“When the Senior Leadership Team (SLT) email list was used, I would get all the communications. If people added people by name, inevitably at least one of us women would get left off the communication.”

There are technological solutions that can help with this issue of communication equality. For example, one technology, offered by Humanyze, can show who is receiving emails or meeting notifications versus who would be expected to receive those notifications, given the group’s gender representation. For example, in Figure 4, we can see the amount of communications via email by gender. The black line indicates the representation level within the group (e.g., for Finance, approximately 50% of the team is women). However, within that Finance group, 70% of the email communications is between men. This could show that women are not being included in important email communications. This same sort of analysis can be done for meeting invitations or chat interactions.


Figure 4: Humanyze’s analysis of communication frequency by gender | Source: Humanyze, 2019.

Another technology, Worklytics, tries to address this challenge by offering email-based nudges for other people to include in a specific email or work event invitation. This technology works by generating a list of the most important work events1 in an organization (e.g., key meetings, shared documents, projects, and email threads) and then scoring each work event for diversity by looking at the relative number of differing demographic groups involved in the event. By tracking the average diversity of the organizations most important work events, Worklytics can provide a sense of the level of access to key opportunities for growth within an organization or sub-group. (see Figure 5).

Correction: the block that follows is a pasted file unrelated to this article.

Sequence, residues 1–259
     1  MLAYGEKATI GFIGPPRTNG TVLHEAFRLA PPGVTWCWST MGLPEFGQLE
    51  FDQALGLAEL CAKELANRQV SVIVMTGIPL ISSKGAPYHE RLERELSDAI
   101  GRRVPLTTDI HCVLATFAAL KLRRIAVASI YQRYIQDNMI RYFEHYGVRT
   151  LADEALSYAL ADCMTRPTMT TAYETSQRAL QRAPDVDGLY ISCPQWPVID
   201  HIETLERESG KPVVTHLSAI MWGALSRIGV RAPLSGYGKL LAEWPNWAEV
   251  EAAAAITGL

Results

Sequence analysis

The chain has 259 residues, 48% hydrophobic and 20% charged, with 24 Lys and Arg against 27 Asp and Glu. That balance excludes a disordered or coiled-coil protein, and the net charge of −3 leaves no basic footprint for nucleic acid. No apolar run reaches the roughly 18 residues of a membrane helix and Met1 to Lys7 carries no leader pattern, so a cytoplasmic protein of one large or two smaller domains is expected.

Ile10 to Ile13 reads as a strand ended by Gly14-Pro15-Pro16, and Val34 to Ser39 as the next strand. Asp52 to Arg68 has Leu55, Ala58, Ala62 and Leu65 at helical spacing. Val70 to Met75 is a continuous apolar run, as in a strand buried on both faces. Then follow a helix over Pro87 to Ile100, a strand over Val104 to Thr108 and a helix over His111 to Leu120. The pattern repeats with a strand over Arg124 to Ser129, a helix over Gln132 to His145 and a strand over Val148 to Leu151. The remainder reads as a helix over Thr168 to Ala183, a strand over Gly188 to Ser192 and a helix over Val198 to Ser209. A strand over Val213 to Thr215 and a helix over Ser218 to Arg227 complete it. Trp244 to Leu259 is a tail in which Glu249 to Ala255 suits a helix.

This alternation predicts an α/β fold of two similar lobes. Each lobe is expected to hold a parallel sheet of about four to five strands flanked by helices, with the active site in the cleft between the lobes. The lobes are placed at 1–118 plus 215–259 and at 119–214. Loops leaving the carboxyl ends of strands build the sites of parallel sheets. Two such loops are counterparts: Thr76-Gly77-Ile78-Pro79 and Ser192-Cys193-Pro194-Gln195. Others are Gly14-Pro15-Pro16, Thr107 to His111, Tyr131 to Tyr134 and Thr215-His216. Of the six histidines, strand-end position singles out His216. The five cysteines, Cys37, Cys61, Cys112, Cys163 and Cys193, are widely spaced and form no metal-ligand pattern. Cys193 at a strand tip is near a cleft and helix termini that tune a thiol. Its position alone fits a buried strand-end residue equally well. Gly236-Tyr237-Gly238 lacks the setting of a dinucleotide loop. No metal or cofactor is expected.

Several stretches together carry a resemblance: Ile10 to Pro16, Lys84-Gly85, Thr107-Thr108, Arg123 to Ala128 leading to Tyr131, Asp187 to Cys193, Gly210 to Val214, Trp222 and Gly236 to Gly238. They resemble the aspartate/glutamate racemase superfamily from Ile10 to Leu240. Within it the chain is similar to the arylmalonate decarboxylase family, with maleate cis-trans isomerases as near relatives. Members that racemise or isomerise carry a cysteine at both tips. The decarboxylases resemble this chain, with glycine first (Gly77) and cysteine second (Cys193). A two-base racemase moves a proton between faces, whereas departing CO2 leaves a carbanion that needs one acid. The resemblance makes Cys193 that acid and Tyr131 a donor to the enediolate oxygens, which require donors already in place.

Figure 5: Worklytics analysis of meeting attendance, by gender | Source: Worklytics, 2019.

We’ve mentioned a lot of vendors in this section. Figure 6 summarizes those we included. Please note, a list of all vendors included in this report is in the Appendix.


Figure 6: Vendors included in articulating the invisible section | Source: RedThread Research, 2019.

Stacia Garr
Co-Founder & Principal Analyst

Stacia is a Co-founder and Principal Analyst for RedThread Research and focuses on employee engagement/experience, leadership, DE&I, people analytics, and HR technology. A frequent speaker and writer, her work has been featured in Fortune, Forbes, The New York Times, and The Wall Street Journal as well as in numerous HR trade publications. She has been listed as a Top 100 influencer in HR Technology and in D&I. Stacia has an MBA from the University of California, Berkeley, and a master’s degree from the London School of Economics.


  1. The Oxford English Dictionary defines the Gig Economy as “A way of working that is based on people having temporary jobs or doing separate pieces of work, each paid separately, rather than working for an employer.” Internal gig-work marketplaces take the same concept of temporary jobs or separate pieces of work and make them available to internal employees. See Dan Pontefract’s article on internal talent marketplaces for a nice summary: https://www.forbes.com/sites/danpontefract/2018/02/02/why-your-organization-needs-an-internal-gig-economy-platform/#41c16c5779e2.